[Note: This mail has been edited for conciseness by removing opening and closing paragraphs]
At time I started I was getting so pissed with the fantasy genre after having lately read some terrible books I' sure you know the sort full of youngsters who's destiny it is to save the world overcoming insurmountable odds without a scratch.
There's some great work being done in fantasy by writers like Jack Vance, Robin Hobb, Guy Gavriel Kay, and others, but I fear that sometimes it gets lost amongst all the yardgoods and hackwork. I am glad I was able to revive your interest in the genre.
A Game of Thrones came as a breath of fresh air, while reading it I knew it was good but when I came to Ned's death I saw the series was going to be unlike any other I have read and may I say it's only getting better.
I hope it will continue to get better. Some days I have my doubts...
Anyway to business I was wondering if you could settle something for me while re-reading "The Hedge Knight" I got the impression (due to his blushes when questioned) that Dunk may never have been knighted by the old man. Can you shed any light on this for me please.
No, I can't. Sorry.
If I could ask you another question I had assumed that Theon Greyjon was killed by a fire maddened horse towards the end of A Clash of Kings and that the Boltons were lying when they claimed to have him but I have found from discussions on the messageboard A Song of Ice and Fire that many people hold a contrary view. Could you please clear this up either way (of course feel free to tell me to mind my own business without fear of causing offence).
Sorry, can't help you on this one either. Keep reading the books.
By the way I am rapidly heading for the privilege of a custom title on the aforementioned board you wouldn't have any ASOIAF related suggestions for a good title would you. I know I'm been cheeky but I had to ask since when am I going to get a chance to pick your brains.
I am not sure what you mean by a "custom title." A title from the books? There are a few in the volume I'm presently working on that readers haven't seen yet... a guy who calls himself King of the Mummers, frinstance... another one who is called Harry the Heir... these are informal titles, though, on a par with the Knight of Flowers or the Kingslayer, and so on...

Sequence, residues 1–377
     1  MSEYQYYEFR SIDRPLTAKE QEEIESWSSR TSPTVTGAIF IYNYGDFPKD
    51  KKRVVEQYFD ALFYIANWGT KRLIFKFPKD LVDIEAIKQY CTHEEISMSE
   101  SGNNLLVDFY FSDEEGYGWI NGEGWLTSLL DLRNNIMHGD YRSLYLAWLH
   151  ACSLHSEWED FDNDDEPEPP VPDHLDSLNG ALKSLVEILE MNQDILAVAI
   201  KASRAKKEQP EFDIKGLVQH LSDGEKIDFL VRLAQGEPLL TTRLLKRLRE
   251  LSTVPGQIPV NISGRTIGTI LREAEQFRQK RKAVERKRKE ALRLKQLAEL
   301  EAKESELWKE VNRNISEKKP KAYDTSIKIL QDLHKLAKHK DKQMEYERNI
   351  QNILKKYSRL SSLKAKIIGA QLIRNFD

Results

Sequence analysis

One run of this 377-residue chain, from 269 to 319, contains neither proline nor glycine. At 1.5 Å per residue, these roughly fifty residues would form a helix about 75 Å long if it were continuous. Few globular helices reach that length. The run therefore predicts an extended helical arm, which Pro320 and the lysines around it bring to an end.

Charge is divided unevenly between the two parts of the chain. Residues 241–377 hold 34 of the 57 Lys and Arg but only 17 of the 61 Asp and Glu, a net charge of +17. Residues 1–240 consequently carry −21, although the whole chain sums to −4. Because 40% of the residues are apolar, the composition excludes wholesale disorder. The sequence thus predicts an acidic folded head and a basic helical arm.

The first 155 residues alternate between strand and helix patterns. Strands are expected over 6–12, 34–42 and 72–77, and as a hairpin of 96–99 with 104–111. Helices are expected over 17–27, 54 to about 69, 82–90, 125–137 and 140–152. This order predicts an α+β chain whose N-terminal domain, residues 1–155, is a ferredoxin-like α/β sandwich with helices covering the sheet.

Do the women of Dorne fight?
Some do. The Sand Snakes, for instance. But it's not the rule.
Nymeria was a war leader but not a warrior -- that is, a commander rather than a combatent.
Or does their "equality" to men only refer to the eldest child being heir instead of the eldest son?
That's the big one, but their customs differ gives women more rights in other ways as well. Not to say that Dorne is an egalitarian society. Far from it.
I have been wandering about the Westerlings and their involvement in the plot against Robb. It seems pretty obvious from the fact that they were not only pardoned by Tywin Lannister but that Jeyne's uncle was given Castamere, that they were hand-in-glove with the Lannisters/ Boltons and Freys in the plot against Robb also the fact that Jeyne's mother was giving her a contraceptive or tansy every morning that they meant to make sure that there was no chance that Jeyne would ever get pregnant.
Well, we shall see.
But I think it is a mistake to generalize about "the Westerlings," just as it would be to generalize about "the Lannisters." Members of the same family have very different characters, desires, and ways of looking at the world... and there are secrets within families as well.